For Vola Soanameny, a mother of five in drought-hit Madagascar, the decision to sell her plates, cutlery and best cooking pot was the last straw.
“The pot was my most important utensil,” the 26-year-old recalls of that awful time a few months ago when she looked around her hut and saw the metal pot, her last remaining object of value.
She was forced to sell it so she could buy food to feed her young family in the south-east of the island, where drought has caused successive poor harvests.
With no pot for cooking, Vola and the children had little to eat but leaves from the tamarind trees growing around the small town of Analapatsy. The cassava plants that Vola had been nurturing in a small plot beside her hut had all withered and died.
“I would drink water to fill my stomach to no longer feel hungry,” she said. Vola had to send one of her children to her ex-husband’s family because she could no longer care for them all.
Since then, Vola was registered to receive regular food support from the World Food Programme, along with other drought-affected, vulnerable families in the worst-affected areas of the island’s south.
With the daily struggle to find enough food resolved for now, Vola is able to start thinking about the future. She hopes she and her neighbours will be among the 170,000 farming families in the south to participate in a new seed protection programme due to be launched by the UN Food and Agriculture Organization (FAO), in partnership with WFP, in December.
The timing is crucial — this is the planting season and a real window of opportunity if people are to recover from the three years of drought which have plagued this part of the island. Above-average rains have been forecast and everyone is hoping for the best.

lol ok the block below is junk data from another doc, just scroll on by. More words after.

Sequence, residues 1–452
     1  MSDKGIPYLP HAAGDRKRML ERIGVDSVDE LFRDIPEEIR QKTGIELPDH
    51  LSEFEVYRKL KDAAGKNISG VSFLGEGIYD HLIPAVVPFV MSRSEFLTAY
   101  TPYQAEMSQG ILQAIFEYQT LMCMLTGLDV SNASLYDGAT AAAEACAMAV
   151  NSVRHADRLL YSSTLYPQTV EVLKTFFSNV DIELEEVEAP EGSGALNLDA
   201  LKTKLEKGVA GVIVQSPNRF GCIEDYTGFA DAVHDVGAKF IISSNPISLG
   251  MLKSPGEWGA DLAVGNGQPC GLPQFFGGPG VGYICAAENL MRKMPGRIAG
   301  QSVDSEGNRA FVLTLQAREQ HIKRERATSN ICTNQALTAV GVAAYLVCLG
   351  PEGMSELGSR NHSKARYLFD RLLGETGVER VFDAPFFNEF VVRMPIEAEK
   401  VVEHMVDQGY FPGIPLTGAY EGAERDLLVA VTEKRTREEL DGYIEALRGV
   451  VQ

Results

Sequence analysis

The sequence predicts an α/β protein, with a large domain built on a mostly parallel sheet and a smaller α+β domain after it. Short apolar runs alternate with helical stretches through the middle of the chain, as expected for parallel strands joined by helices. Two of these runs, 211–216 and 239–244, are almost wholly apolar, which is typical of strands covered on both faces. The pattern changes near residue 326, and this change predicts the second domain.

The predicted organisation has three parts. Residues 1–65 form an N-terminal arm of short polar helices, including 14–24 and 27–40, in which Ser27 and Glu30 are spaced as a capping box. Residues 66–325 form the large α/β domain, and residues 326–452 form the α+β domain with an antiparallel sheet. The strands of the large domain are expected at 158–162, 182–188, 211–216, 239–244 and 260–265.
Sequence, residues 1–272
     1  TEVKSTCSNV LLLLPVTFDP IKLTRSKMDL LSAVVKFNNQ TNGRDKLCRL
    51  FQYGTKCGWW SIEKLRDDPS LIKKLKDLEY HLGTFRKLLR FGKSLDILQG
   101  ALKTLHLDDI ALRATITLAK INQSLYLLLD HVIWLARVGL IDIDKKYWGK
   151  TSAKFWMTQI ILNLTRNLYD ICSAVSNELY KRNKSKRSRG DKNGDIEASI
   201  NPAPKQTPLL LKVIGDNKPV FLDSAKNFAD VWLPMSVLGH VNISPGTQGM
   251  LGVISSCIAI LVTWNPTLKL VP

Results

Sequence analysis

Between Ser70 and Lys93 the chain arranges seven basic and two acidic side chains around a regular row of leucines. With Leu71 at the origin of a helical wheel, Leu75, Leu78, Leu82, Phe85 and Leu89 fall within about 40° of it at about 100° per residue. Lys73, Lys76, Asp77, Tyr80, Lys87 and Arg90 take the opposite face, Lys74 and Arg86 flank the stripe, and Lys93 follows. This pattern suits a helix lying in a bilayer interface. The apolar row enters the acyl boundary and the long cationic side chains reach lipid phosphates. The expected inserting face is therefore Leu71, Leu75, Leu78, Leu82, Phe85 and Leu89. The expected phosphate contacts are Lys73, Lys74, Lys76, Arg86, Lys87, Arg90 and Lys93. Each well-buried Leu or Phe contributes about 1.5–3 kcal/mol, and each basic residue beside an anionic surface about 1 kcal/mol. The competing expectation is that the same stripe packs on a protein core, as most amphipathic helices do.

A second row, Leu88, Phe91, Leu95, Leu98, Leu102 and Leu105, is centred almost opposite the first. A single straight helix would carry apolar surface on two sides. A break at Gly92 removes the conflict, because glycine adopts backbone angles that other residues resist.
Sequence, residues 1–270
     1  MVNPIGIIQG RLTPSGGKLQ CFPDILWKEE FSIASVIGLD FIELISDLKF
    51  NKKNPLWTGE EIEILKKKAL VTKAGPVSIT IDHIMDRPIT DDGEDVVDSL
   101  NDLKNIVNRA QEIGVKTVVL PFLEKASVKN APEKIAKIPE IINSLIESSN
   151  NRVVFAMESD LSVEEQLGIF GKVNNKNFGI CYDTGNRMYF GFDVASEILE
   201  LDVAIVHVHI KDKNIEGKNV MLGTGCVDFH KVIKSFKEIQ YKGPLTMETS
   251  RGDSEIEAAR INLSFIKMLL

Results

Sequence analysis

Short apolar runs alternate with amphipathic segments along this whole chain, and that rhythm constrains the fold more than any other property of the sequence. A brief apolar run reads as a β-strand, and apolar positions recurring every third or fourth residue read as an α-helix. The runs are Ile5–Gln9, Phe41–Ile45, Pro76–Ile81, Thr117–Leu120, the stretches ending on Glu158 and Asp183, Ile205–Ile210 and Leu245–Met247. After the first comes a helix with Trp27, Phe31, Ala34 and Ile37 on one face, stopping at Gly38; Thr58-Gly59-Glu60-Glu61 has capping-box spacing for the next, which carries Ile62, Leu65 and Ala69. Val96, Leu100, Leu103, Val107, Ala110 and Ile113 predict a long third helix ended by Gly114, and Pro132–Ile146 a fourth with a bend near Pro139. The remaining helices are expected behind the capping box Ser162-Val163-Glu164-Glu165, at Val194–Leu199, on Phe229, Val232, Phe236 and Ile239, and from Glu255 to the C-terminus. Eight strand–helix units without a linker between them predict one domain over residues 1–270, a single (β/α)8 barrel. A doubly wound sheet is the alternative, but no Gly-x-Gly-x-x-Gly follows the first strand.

In addition to drought-tolerant and fast-maturing seeds, FAO is supporting families with sweet potato and cassava cuttings and hand tools. Support will be offered to farmers who still have some livestock. By distributing food at the same time to the same families, the seeds can be planted rather than eaten.
WFP and FAO are appealing for urgent funds — US$67 million — to sustain their joint programme until the time of the next harvest in April/May next year.
In all, 850,000 people — about half the population of the south — are facing hunger and need urgent humanitarian assistance. This is according to the latest food security survey which indicates that the situation could deteriorate even further unless humanitarian action is increased.
by WFP’s Riana Ravoala and David Orr.
Click ♥ to recommend this story to your followers.
Learn more about WFP’s support to drought-affected families across southern Africa.